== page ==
are manufactured under license, and derive from the Legaignoux concept.
Kitesurfing popularity has exploded in recent years and the
equipment is now widely available and more sophisticated than ever. Kitesurfing
now has well-organized events such as the Kitesurfing World Titles, and the
World Cup of Kitesurfing. Kitesurfing instruction is also widely available
through several networks of accredited schools. Kitesurfing associations,
Internet newsgroups, and web-sites are growing. There are many good kitesurfing
instructional videos and DVD's available and a plethora of kitesurfing magazines
NAMES IN THE GAME
Kitesurfing pioneers include: Cory Roeseler from Oregon. Lou Waiman, a
wake-boarder from Florida who now lives on Maui. Eliot Leboe a professional
windsurfer turned hardcore kitesurfer. Several professional windsurfers and
waterman who turned their talents toward kitesurfing. Sail designer Joe Koehl
has been largely responsible for getting kitesurfing up and running as a sport.
Joe has introduced many of us to the sport and helped organize the events and
promotion. Windsurfing legend Robby Naish has been converted. Rush Randle is
also an accomplished kitesurfer. David Dorn and John Holzhall were responsible
for the creation of the earliest structured training programs that made the
sport accessible to many and promoted kite safety training for all new
participants. Their timely contribution to the sport helped kiteboarding to
become accepted and recognized as a legitimate sport.
Most beginners will usually travel downwind until they develop the skills
for going upwind. For some light-wind riders using larger boards it may be
possible to go upwind on their first day, but there is usually a learning period
of about three weeks, where you will have to "schlep" your gear up the beach
between runs. Eventually you can travel upwind as well as a windsurfer. Downwind
riding is still very popular way to sail. Kitesurfers often do downwind coast
runs and hitch a ride back upwind to do it again. (There are restricted areas
restrictions apply in some locations like airports etc).
THE COST OF KITESURFING
New kites with bar range in price from $1295- to $2195-(USD). A complete
beginner setup including board will cost between $1500- to $2500-. Some
equipment is sold as a "complete package" for a discounted price. A complete
setup includes the control bar, lines, harness and a board. You may also want to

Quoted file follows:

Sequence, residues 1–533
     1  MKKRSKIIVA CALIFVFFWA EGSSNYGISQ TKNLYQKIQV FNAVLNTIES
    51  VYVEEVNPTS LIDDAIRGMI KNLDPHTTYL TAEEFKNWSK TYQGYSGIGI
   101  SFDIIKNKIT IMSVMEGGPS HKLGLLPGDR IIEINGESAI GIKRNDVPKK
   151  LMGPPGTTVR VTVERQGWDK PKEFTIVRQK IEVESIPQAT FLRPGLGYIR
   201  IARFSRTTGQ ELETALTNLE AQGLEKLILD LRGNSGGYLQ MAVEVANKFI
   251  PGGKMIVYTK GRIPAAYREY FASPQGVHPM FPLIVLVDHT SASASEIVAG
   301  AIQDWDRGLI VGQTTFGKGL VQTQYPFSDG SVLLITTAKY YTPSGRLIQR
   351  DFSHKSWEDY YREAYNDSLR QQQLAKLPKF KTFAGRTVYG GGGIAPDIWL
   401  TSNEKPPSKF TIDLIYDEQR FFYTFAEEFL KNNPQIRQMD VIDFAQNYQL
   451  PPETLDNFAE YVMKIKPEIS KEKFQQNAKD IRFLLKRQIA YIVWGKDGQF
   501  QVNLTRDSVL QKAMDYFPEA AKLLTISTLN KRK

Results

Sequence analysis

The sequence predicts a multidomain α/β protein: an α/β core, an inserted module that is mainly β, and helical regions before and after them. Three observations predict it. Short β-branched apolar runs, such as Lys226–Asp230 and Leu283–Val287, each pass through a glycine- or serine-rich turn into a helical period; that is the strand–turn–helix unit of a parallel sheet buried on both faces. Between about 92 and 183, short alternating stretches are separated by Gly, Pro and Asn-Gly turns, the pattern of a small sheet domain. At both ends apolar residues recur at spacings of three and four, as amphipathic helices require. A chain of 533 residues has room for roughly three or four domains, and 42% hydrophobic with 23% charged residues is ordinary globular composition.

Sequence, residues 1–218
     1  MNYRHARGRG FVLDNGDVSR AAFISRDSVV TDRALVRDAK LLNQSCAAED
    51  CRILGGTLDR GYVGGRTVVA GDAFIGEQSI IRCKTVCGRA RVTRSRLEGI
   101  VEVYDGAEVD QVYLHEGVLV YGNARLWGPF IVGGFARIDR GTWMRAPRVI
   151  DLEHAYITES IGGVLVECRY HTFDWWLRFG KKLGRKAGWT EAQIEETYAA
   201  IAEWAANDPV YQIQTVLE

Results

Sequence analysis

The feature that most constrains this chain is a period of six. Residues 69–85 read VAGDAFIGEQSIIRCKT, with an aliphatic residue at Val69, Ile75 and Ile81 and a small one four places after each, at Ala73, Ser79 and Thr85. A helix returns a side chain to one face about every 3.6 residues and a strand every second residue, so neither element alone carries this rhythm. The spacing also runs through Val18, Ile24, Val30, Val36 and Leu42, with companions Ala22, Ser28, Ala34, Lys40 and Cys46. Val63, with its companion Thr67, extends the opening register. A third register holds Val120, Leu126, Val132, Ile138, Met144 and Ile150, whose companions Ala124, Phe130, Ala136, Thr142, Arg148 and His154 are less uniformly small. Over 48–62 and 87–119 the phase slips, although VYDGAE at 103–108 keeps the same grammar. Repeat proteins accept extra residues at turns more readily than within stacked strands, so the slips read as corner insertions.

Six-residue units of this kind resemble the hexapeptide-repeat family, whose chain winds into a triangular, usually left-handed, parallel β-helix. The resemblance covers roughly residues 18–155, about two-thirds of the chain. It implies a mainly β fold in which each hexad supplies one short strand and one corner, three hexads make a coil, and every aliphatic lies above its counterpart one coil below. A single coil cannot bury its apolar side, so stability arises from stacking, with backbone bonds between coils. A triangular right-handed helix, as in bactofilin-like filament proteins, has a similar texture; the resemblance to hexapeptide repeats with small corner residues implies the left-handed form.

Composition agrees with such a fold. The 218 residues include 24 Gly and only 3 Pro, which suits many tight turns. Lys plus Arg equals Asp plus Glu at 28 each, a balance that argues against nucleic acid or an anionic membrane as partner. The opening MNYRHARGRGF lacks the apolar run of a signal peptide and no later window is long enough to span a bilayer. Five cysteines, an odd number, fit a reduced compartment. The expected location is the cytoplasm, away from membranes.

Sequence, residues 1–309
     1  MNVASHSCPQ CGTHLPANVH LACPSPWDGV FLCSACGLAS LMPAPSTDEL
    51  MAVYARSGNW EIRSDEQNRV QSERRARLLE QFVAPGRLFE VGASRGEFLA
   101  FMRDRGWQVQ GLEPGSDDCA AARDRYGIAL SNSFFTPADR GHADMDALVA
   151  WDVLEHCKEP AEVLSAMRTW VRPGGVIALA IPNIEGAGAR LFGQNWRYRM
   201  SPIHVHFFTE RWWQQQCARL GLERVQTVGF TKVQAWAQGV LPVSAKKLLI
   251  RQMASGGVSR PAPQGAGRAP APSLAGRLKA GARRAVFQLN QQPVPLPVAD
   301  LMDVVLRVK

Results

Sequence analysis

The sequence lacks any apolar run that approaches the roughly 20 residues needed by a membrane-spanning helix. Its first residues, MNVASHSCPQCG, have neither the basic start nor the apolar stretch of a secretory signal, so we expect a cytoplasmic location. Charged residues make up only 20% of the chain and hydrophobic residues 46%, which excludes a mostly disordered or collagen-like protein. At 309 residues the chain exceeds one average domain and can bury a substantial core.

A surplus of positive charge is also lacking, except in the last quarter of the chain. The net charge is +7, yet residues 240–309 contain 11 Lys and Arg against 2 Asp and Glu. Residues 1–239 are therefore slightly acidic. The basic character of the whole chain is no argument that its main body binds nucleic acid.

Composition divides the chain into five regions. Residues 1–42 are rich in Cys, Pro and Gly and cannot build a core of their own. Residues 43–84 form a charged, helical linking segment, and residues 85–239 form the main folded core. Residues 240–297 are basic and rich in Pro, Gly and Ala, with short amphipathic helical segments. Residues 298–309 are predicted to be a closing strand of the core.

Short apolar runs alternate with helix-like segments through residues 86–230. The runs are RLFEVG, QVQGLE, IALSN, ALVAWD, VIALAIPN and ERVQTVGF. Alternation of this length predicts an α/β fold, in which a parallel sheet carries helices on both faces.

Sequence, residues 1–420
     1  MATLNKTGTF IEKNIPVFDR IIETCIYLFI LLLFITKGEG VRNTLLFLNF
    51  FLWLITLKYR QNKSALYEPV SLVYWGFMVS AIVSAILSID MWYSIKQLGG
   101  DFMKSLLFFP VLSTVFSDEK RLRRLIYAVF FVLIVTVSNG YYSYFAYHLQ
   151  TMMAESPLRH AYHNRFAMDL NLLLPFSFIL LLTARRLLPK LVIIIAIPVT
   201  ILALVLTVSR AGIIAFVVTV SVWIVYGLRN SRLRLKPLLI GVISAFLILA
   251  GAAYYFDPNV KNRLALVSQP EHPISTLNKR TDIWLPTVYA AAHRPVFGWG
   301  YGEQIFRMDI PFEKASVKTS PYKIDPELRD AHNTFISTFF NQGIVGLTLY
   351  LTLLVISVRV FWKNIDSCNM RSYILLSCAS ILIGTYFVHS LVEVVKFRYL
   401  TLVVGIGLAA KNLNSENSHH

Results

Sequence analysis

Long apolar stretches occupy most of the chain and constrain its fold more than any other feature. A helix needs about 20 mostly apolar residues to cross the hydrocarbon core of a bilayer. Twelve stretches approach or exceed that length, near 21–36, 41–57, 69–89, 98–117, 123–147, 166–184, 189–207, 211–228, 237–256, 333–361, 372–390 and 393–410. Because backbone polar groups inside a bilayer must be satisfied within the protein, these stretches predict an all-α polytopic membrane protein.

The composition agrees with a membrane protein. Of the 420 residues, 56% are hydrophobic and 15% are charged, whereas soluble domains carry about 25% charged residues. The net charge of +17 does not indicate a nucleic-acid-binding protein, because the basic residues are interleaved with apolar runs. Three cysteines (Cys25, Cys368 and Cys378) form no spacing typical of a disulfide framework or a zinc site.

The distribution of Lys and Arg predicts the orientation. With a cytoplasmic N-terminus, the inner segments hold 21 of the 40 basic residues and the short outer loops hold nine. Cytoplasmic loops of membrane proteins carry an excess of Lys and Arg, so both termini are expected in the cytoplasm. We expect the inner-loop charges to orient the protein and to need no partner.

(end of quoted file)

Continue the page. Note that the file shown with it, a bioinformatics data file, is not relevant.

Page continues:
buy a good buoyancy jacket (life vest), helmet and wetsuit. If you want to save
money you can convert an old surfboard into a kiteboard by adding footstraps,
this will be a good learning board but will probably be inadequate when you
begin to get bigger jumps. Used kites are an option and buying a last years
model may save you 30-40% off the new price. Always take care to inspect any
piece of equipment before purchasing it. A good
SAFETY system is a must.
Most people will learn to fly a small "trainer kite" on land first. The
smaller kite has less power and is easier to manage. The student can learn about
the "wind window". and how to steer the kite correctly. Kite control skills are
necessary before the student attempts a more powerful kite. The proper trainer
kite will have a control bar, and a kite leash that will de-power the kite if
the user drops the bar. Flying kites on land should always be done with caution.
Always find open space away from buildings, power lines, fences and people. Find
a place with steady wind, and have an experienced person help you. Even small
kites can get unruly, so do not take them for granted. Get a lesson in
power-kiting from a local kite store, or school. they will save you a lot of
time, and prevent many bumps and bruises.
Inflatable or Ram-Air?|
kitesurfing was evolving around the world, the pioneers used existing power
kites (or traction kites) that were already available. these early traction
kites were designed for sport flying and in some cases for para-carting (a
buggy). While the designs were efficient, they were not designed for use on
watercraft. They would not float and they did not relaunch very well. Newer
designs have included water exclusion devices that make the kites float and are
able to be relaunched more easily than before. When selecting a ram-air you
should only chose ones that have all the modern features. Ram-airs are lighter
than inflatables because they don't carry PVC bladders, they have a very
efficient shape with a flat profile which makes them very powerful for their
size. They are often cheaper than inflatables. They are popular in some areas